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Saturday, July 30, 2016

Punished for Partying

Despite the new MIP law, most students still party.

Oct. 7, 2005

Columbia police arrested 97 people for 123 offenses the Friday and Saturday of Labor Day weekend. Of those, 91 were minors in possession of alcohol - and a new law made it a little easier for them to be arrested.

Before Labor Day weekend, a minor only could be arrested for possession of alcohol if he or she was holding an open bottle or container. Now, thanks to a law passed in August, a minor's body is considered a container of alcohol. Minors with a blood alcohol content level of .02 or above can be charged with a minor in possession.

However, the new regulations might not stop minors from partying, and most students seem to think the law is simply impractical.

"Partying and socializing is a big part of how you get to know people in college," junior Josh Lanahan said. "I think (the law) is basically targeting younger people."

Lanahan turned 21 in September, and he said he drank illegally before his birthday.

"The law didn't change my drinking habits," he said. "Most bars don't check IDs."

Freshman Alex Lundy said the new law has influenced her drinking habits.

"The law does make a difference," she said. "It makes me more cautious because I don't want to risk getting in trouble."

Lundy said she believes in the value of the new MIP law.

"I think the law has really good intentions," she said.

Lundy is particularly careful when attending parties where she will not get a ride home from a sober peer.

"I'll definitely pay more attention when I'm walking home because there is more of a chance of me getting caught," she said.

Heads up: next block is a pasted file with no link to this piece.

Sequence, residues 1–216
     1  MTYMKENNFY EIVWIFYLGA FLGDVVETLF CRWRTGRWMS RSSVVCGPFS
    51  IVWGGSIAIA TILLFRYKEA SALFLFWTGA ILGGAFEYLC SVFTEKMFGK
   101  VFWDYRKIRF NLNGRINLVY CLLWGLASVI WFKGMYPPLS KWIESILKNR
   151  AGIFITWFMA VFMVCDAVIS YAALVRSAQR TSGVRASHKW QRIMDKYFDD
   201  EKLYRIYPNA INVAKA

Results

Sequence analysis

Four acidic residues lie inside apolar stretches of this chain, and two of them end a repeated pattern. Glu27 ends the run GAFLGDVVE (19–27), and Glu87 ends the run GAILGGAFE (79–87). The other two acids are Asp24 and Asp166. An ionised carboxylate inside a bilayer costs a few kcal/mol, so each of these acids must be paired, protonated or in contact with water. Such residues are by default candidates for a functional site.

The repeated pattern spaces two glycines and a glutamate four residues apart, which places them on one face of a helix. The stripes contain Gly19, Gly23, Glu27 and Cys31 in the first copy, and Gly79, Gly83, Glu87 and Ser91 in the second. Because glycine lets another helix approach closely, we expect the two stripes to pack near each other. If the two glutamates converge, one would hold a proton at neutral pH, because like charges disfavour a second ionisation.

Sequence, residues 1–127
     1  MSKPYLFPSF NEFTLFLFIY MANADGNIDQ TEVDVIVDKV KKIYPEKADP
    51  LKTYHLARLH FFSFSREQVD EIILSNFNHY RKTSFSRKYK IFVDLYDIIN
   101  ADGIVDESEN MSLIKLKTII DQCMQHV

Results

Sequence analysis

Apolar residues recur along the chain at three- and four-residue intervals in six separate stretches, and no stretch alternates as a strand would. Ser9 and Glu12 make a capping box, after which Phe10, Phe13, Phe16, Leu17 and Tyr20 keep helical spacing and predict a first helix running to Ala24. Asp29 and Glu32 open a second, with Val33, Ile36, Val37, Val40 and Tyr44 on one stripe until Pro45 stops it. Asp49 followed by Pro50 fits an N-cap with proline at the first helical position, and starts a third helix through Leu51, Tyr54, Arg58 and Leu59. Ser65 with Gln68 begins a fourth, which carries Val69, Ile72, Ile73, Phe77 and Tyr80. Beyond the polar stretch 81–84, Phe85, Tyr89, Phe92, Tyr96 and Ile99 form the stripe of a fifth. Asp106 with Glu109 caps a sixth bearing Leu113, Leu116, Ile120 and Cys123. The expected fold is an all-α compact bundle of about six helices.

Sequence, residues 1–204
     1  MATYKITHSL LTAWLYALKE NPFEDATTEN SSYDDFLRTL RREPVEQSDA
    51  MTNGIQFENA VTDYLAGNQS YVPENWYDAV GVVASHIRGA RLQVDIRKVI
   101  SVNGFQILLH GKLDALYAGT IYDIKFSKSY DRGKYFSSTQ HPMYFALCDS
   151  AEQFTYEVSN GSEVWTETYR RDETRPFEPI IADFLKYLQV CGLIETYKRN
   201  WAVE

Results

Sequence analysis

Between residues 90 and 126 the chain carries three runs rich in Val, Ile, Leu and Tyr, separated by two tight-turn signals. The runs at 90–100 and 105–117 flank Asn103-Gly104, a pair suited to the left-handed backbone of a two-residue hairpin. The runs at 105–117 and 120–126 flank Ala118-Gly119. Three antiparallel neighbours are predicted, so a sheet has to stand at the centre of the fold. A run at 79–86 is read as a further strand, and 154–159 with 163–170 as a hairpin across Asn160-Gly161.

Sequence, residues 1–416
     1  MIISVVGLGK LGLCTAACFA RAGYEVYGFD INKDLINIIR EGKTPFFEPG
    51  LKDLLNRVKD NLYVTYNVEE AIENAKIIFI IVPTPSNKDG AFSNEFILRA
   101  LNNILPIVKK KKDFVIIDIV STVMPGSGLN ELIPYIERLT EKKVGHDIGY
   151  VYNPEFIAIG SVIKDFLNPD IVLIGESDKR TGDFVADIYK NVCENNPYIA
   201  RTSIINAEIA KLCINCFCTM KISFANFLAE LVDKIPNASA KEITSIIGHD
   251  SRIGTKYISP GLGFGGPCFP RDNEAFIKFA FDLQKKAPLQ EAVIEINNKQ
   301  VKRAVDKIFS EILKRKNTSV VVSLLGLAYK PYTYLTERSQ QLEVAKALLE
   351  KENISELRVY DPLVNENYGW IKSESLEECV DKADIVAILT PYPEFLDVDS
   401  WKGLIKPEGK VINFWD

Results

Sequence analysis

But Lundy said she has not noticed a change in the drinking habits of her peers.

"Kids know they shouldn't drink," she said. "I know I shouldn't drink, but I don't think I've seen a difference in anyone other than me."

Lanahan said he has not noticed a change in the amount of drinking, either.

"A lot of people I know have been arrested for driving while intoxicated and MIPs, but the new law didn't change the way they drink," Lanahan said.

Despite this, Lanahan said he does believe the law is a deterrent.

"People might see it as unfair, but I think it's necessary to keep the growing alcoholism under control," he said. "I think the law is better for kids in the long run."

Wellness Resource Center Director Kim Dude said she feels the law could make the community more secure.

"If people are not drinking to the point of intoxication, we'll have a safer community," Dude said.

Senior Andy Doran, fundraising chairman for STRIPES, MU's sober-driving program, said he hasn't seen a change in students' drinking habits.

Critics of the legislation argue that, for college students, drinking is inevitable and this new law will not decrease underage drinking, but merely increase the punishment for it. Although they do not believe the new legislation will discourage underage drinking, proponents of the law think it will be a deterrent.

"The law is a deterrent effect," said former Columbia police Sgt. Danny Grant, a longtime supervisor of the department's Community Service Unit. "Enforcement sets a standard of behavior within the community. To a certain degree, these things will occur within a college community, but we must set a standard of behavior, and the way we do this is through enforcement."

Dude said she hopes the law will make minors think about their drinking habits more.

"I hope it will deter them from drinking too much, to the point of intoxication, because they know they are more likely to get caught if they are," Dude said.

Lanahan has a different opinion.

"By and large, most people will take the risk," he said. "No law is going to stop that."

The bill's sponsor, Sen. Michael Gibbons, R-Kirkwood, said he doesn't expect the law to eliminate underage drinking.

"We don't have any delusions that we can eliminate it, but we are serious about reducing underage drinking in Missouri," Gibbons said. "We're not interested in punishing people, but we're very serious about deterring it. There is no state in America that has a drinking age less than 21. That's the law, and we're going to do everything we can to make sure people follow it."

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